That Was The Week That Was


“Groaning” for the kingdom of God as a spiritual practice: Christian Collins Winn on Blumhardt Pietism and social justice.

• Examining the waxing and waning popularity of America’s favorite patriotic hymns.

• Almost a hundred years later, World War I is still adding to its death toll.

• John Calvin doesn’t look a day over 503

• And The King’s College named a new president. (More on his quest to recover the “classic evangelicalism” of Carl F. H. Henry.)

…There and Everywhere

Eskridge, God's Forever Family• Speaking of Christian college presidents… Bethel hired an acting one to assist its current president, and a Bethel alum became president of Eastern University.

• Check out Pilgrims and Wayfarers, the new blog from historian Patrick Connelly — a fellow fan of Carol Reed’s great film, The Third Man.

• A new book on the Jesus People movement is getting lots of attention, including this review by John Turner and author Larry Eskridge’s quick overview of the movement’s musical wing. (Jesus People USA in Chicago is part of my denomination.)

• A local gay, mainline pastor (and one-time Pietist Schoolman commenter, if I recall correctly) reflected on learning not to stereotype his evangelical sisters and brothers: “I still disagree with them, but I stopped looking at them as abstractions and more like real people—people you might think are wrong, but people you will still welcome at your table.”

• Jonathan Merritt has an interesting interview with Willow Creek’s creative director, Blaine Hogan, about the relationship between faith and creativity.

• I know, Jesus founded a movement not an organization, but I think Andy Crouch is exactly right about the value of institutions: “For cultural change to grow and persist, it has to be institutionalized, meaning it must become part of the fabric of human life through a set of learnable and repeatable patterns. It must be transmitted beyond its founding generation to generations yet unborn.”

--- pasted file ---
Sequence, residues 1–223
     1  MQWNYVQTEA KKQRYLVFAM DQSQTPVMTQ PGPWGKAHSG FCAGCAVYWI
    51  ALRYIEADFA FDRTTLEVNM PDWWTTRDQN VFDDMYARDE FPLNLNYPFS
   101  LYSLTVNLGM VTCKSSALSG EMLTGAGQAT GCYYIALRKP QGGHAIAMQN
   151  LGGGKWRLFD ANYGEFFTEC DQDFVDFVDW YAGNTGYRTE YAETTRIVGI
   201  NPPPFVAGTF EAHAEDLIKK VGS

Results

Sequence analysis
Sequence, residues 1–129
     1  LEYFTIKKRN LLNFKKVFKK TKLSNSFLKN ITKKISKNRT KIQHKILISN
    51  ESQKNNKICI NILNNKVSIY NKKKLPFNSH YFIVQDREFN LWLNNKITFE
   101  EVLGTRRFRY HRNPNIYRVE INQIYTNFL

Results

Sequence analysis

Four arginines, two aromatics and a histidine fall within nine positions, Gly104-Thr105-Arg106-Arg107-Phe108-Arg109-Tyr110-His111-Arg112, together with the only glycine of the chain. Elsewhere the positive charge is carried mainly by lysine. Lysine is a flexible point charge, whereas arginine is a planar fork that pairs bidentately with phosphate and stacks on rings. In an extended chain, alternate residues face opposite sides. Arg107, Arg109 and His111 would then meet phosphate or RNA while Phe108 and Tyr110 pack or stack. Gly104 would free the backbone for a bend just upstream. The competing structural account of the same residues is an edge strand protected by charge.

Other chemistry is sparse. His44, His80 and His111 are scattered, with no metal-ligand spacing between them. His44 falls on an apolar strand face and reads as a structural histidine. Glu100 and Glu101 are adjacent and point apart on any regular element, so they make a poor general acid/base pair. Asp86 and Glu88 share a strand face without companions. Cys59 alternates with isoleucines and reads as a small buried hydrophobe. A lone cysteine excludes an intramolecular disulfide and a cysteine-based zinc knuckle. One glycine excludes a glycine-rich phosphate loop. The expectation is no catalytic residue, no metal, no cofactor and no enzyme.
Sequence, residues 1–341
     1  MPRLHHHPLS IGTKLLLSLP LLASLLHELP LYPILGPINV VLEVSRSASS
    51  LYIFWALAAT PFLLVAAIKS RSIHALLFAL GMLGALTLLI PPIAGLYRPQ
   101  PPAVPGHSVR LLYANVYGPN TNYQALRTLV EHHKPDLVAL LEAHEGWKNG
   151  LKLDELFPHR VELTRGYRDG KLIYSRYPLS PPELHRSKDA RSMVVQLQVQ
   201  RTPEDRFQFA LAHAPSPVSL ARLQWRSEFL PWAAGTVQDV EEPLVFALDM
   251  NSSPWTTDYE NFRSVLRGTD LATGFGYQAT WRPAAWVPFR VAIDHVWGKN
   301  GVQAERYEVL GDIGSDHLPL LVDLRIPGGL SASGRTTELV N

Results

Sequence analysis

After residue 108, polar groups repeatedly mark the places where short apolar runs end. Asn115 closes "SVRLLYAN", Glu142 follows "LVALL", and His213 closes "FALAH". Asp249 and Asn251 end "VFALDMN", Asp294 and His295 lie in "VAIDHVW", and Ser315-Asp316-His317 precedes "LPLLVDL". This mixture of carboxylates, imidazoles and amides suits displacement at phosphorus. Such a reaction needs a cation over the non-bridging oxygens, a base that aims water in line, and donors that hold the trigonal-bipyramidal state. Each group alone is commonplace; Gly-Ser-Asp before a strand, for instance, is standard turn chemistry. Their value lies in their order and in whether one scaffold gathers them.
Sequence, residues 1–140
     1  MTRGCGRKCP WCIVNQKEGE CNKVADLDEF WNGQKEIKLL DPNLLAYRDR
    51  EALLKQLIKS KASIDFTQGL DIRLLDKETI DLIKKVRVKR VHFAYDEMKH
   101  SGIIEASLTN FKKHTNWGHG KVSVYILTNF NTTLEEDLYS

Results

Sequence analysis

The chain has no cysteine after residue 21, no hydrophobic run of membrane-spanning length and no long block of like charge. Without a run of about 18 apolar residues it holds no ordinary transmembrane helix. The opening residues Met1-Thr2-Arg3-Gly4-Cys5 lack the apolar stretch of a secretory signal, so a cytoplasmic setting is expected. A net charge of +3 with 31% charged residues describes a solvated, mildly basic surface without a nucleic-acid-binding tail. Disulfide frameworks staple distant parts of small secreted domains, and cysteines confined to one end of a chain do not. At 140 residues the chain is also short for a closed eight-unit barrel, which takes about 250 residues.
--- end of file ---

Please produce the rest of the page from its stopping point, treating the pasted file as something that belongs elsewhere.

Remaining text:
• At Bethel we constantly exhort students to be “world changers.” I hope they also hear the stories of people like Tish Harrison Warren: “We were part of a young, Christian movement that encouraged us to live bold, meaningful lives of discipleship, which baptized this world-changing impetus as the way to really follow after Jesus. We were challenged to impact and serve the world in radical ways, but we never learned how to be an average person living an average life in a beautiful way.”

• The top five destinations for conservative Catholics considering exile from America.

It sounds like there are lots of reasons to avoid the new Lone Ranger movie (27% on the Rotten Tomato meter), but if you’re looking for another: in terms of appealing to Christian audiences, it’s the anti-Man of Steel.

Harding, "Cleaning Out Boche Machine Gun Nest"
George Matthews Harding, “Cleaning Out Boche Machine Gun Nest” (1918) – National Museum of American History

• Images of World War I: sketches from one of the eight artists who accompanied the American Expeditionary Force to Europe.

• A new book revisits Franklin D. Roosevelt’s pre-Pearl Harbor attempts to disabuse Americans of “the isolationist fantasy of the nation as a safe oasis in a world dominated by fascist terror evoked for himself and for the overwhelming majority of Americans not a dream but a ‘nightmare of a people without freedom — the nightmare of a people lodged in prison, handcuffed, hungry, and fed through the bars from day to day by the contemptuous, unpitying masters of other continents.'”

• Economist Richard Vedder (director of the Center for College Affordability and Productivity) with another of his trademark iconoclastic theses about higher education: colleges discourage saving.

• Why are conservatives and libertarians like Vedder relatively rare in the academy? George Yancey considers the explanatory power of two hypotheses: conservatives are less likely to follow that career path, and there are barriers that dissuade them from doing so.

• A couple of new studies: one finds that choir members’ heartbeats synchronize as they sing; another suggests that nostalgia is both more universal and more beneficial a phenomenon than long believed.

• Speaking of nostalgia… I can’t wait to teach my children to keep score at a baseball game, assuming the venerable but fading practice has survived that long.

Happy birthday to the greatest thing since… well, itself.

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